Some of you might be walking into a few of the bigger decisions you’ll ever have to make – whether you’re a first-year student about to apply for your Subject POSt (I highly encourage you to apply for PCJ, which I’ll speak more to later,) figuring out what grad school you want to apply to later in the year (I’m in this boat as we speak,) or whether you’re thinking about post-grad employment, it can all be rather overwhelming and stressful.

Here’s my semi-unqualified opinion on the topic:

The most important thing that I’ve taught myself to understand is that nothing is the end of the world, and as one of my favourite people has once said, “the sun will rise in the morning.” True, this might be easy for someone as successful as former President Barack Obama to say, and yes, it might be a little more difficult for a twenty-year-old to conceptualize, but holding on to this thought has kept me grounded. While lower grades than I’d hoped for and those sly rejection letters to summer jobs have made me a little upset (read: lying on my living room floor and playing Simon and Garfunkel’s Sound of Silence on repeat,) I’ve slowly started to understand that tomorrow will always be there, and with the new day, there are new opportunities.

The next step for me is boiling down my intentions to find out what it is that I really want. Committing to certain things has possibly been the biggest worry when I make decisions – what if I don’t like it after a couple weeks? What if, after the experience is over, I don’t walk away with what I had hoped to gain? While I certainly cannot condone gambling, making decisions is somewhat of a risk. The best possible thing that one can do is to make a big list of pros and cons – understand what can go wrong in the worst-case scenario, then look on the brighter side of things and see what can be gained from the opportunity in the best-case position.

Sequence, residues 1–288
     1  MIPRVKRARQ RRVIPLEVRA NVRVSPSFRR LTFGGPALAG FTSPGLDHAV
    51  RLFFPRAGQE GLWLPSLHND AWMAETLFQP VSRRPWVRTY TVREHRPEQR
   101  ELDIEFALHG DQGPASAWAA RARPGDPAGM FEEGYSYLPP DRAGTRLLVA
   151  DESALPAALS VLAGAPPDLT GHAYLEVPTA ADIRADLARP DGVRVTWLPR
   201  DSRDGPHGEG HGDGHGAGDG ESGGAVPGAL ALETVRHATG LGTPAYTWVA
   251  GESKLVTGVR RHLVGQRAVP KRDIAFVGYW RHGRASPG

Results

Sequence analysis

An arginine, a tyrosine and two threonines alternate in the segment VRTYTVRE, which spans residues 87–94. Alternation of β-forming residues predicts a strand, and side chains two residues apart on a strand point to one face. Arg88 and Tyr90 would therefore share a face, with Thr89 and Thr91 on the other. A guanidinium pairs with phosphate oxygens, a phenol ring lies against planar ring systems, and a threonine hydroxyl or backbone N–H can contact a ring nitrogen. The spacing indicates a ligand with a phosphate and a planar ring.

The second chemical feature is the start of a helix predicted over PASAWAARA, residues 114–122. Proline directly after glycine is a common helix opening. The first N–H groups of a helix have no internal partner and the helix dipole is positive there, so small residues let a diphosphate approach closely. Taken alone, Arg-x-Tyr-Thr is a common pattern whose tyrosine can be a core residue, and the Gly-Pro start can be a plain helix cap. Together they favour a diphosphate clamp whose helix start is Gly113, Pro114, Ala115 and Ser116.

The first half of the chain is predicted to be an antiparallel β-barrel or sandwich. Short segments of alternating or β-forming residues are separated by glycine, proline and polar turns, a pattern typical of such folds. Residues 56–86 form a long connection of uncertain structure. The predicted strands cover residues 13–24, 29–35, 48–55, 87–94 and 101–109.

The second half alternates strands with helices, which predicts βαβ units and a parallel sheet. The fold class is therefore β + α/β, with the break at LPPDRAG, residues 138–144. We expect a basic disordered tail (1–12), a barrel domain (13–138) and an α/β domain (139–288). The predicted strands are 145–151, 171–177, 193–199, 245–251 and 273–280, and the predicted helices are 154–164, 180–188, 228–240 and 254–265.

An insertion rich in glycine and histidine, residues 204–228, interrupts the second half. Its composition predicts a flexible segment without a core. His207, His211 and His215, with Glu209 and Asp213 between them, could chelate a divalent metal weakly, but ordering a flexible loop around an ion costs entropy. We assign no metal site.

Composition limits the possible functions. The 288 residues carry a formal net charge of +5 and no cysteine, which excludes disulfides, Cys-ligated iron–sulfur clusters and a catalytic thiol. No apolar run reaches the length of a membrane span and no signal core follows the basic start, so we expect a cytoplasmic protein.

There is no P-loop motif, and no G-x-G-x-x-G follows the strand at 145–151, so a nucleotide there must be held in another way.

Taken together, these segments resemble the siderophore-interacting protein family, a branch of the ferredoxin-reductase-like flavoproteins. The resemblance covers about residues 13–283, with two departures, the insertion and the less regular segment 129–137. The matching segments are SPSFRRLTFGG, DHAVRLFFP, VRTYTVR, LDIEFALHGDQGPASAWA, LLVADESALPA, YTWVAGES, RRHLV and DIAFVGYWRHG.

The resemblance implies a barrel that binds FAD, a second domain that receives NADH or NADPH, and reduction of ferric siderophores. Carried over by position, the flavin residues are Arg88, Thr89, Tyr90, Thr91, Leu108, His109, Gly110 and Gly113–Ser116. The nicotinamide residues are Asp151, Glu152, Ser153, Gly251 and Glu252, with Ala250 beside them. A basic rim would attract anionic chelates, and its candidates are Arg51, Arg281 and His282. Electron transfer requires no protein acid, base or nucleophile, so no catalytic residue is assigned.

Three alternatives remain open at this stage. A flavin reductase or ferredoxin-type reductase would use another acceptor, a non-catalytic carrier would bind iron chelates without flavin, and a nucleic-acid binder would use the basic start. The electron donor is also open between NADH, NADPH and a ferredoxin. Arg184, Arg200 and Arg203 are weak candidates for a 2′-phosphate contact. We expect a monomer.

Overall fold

For incoming students who are thinking about applying to Peace, Conflict, and Justice: I absolutely would recommend it. I could not picture myself in any other program at UofT other than PCJ. While most of my classes are POL classes, the added community that PCJ offers as well as the deeper, more hands-on experience of the PCJ classes have made my time at UofT so far an absolute joy. Choosing this as my Subject POSt may have been one of the harder decisions I’ve made – and while I have had my fair share of stressful nights studying for courses related to it, I think that I made the right choice after weighing out all my options.

The same pattern of picking what I wanted to study happened in grade 12 – when I had all the information books laid out on the kitchen table and I cried until I finally decided on UofT, it happened when I made the choice to apply for PCJ, and it’s going to happen again in a few months when I choose where I want to apply for grad school. But as I know: the sun will rise in the morning, and with that, these big decisions become less and less daunting.